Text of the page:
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In the late 19th century, in the face of an increasingly corrupt consular service in the Near East, ambitious plans were laid in Istanbul to train an elite corps of young British diplomats. By David Morray
Towards the end of 1877, a party of six young Englishmen arrived by sea in Istanbul. They were conducted to Misseri’s hotel on the Grand’ Rue de Pera (İstiklal Caddesi), where they stayed for a few days without incident, save that one of them was arrested for carrying a revolver in his pocket. They then proceeded to the village of Ortaköy on the European shore of the Bosphorus, less distinctly a village nowadays, perhaps, and in the shadow of the Bosphorus Bridge, but still visited for its neo-baroque mosque and designer bars.
At Ortaköy, which was to be their home for the next two years, the group found arrangements to be rather spartan. But the situation was nothing that initiative and youthful optimism could not make the best of: ‘The school was a rickety old wooden house, with an uncared-for garden in three terraces, one of which we quickly converted into a lawn tennis court, and a very airy shed dignified with the name of stables. Here we soon shook down and commenced our studies.’
Their good-humoured but resolute occupation of a dilapidated estate in a sleepy seaside hamlet actually marked the beginning of a sweeping overhaul of British consular representation in the Near East. Reform had long been advocated. With some exceptions, the service had fallen into disrepute. Indeed, in the middle of the 19th century, Edmund Hornby, later to become a Judge of the British Supreme Consular Court of the Levant, had been charged with rooting out offenders. He did not pull his punches: ‘The Vice-Consul of Cyprus I tried for scuttling a ship, said to be laden with silk, to defraud the insurance company. Another – a Consul and otherwise a valuable public servant, an Englishman – insured a ship he called Poseidon that never existed. I forgot what sentence he got, and I rather think he committed suicide.’…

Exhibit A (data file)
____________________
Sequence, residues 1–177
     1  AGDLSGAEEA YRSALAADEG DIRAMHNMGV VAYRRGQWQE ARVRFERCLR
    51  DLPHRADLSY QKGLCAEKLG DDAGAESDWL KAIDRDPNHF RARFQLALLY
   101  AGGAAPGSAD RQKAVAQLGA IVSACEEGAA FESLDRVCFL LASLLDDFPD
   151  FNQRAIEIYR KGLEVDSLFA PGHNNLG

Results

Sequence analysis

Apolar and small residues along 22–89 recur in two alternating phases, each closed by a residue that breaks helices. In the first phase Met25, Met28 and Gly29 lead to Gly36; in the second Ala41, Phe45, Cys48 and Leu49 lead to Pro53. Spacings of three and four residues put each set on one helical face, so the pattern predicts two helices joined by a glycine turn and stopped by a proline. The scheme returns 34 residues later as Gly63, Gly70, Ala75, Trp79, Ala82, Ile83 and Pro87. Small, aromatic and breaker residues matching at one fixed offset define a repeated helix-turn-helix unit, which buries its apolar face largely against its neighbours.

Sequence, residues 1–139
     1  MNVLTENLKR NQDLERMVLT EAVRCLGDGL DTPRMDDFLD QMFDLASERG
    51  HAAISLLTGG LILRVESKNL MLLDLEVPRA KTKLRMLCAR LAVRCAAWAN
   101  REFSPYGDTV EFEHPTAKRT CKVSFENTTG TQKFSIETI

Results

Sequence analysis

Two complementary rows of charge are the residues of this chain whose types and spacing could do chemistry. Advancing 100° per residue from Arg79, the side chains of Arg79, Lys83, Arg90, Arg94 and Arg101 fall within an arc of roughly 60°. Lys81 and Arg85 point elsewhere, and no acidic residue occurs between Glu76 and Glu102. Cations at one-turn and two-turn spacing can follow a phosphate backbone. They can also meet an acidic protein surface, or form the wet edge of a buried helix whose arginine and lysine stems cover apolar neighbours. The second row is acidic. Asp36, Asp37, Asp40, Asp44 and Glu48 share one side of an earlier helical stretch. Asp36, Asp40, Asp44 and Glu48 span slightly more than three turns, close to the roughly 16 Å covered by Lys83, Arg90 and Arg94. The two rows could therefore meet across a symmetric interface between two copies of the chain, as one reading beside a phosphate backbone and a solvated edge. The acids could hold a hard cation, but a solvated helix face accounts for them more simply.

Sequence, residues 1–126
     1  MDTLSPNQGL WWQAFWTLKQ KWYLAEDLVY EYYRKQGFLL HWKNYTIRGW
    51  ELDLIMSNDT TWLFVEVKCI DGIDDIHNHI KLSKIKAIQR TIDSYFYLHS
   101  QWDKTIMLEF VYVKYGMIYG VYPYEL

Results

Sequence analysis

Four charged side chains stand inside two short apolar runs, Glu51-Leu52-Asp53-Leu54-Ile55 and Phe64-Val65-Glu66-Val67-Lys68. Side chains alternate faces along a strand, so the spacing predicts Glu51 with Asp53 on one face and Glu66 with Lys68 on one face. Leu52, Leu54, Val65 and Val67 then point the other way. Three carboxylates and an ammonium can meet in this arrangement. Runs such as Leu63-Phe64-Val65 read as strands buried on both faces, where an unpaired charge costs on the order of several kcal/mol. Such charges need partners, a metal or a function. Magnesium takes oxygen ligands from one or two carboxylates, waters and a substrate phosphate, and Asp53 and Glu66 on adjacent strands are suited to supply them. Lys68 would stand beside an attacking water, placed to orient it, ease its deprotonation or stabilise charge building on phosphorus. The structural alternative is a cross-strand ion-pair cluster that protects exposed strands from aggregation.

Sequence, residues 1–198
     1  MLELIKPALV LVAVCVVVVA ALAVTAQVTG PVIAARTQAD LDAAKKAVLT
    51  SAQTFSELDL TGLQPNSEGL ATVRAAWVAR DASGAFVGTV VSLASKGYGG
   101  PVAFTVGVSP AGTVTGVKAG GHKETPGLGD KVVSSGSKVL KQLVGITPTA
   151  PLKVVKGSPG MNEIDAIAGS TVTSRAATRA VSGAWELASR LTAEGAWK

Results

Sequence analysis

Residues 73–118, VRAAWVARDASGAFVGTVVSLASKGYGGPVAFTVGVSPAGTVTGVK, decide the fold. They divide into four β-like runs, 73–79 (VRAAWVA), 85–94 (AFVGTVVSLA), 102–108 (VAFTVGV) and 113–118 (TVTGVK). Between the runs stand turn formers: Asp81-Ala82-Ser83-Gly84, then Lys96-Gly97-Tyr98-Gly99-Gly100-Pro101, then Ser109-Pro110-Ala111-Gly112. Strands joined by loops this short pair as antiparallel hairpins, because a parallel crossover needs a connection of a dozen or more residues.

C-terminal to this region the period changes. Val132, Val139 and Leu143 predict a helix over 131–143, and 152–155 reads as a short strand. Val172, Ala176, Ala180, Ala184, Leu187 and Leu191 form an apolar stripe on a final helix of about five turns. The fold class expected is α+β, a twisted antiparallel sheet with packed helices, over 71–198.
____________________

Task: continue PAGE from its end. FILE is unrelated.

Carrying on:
In a 36-page tribute, Cornucopia offers five contrasting views of the largest of the Princes Islands, Büyükada. Distant enough for monastic retreat and political exile, close enough for the summer migration of Istanbul’s bourgeoisie, this beguiling island has a tranquil past but a perilous future. Articles by Andrew Finkel, John Carswell and Elizabeth Meath Baker and Angela Berzeg
The story of one of Turkey’s rarest bulbs could be taken from the pages of a thriller. Andrew Byfield exposes the bulb smugglers’ dastardly deeds.
Behind the gently fading façade of the Meziki Konağı, one of the few stone palazzos on Buyükada, is a frescoed interior in mint condition
The lighthouse at Cape Chelidonia, the southernmost point of the Bay of Antalya, stands sentinel over what is now one of the Mediterranean’s most peaceful stretches of coastline. Three generations of one family have kept the light shining here since it was first lit in 1938. Now, the in the face of satellite technology, darkness is threatening to return. Kate Clow reports.
Zeki Kuneralp was raised far from home on a farm in the Swiss Alps. He returned to become one of the century’s most venerated diplomats. David Barchard pays tribute.
Even in later years, in spite of immense personal tragedy, he remained a fount of wisdom and good advice to a host of diplomats, ministers and journalists.
Prague Symphony Orchestra, directed by Emre Aracı, produced by Ateş Orga
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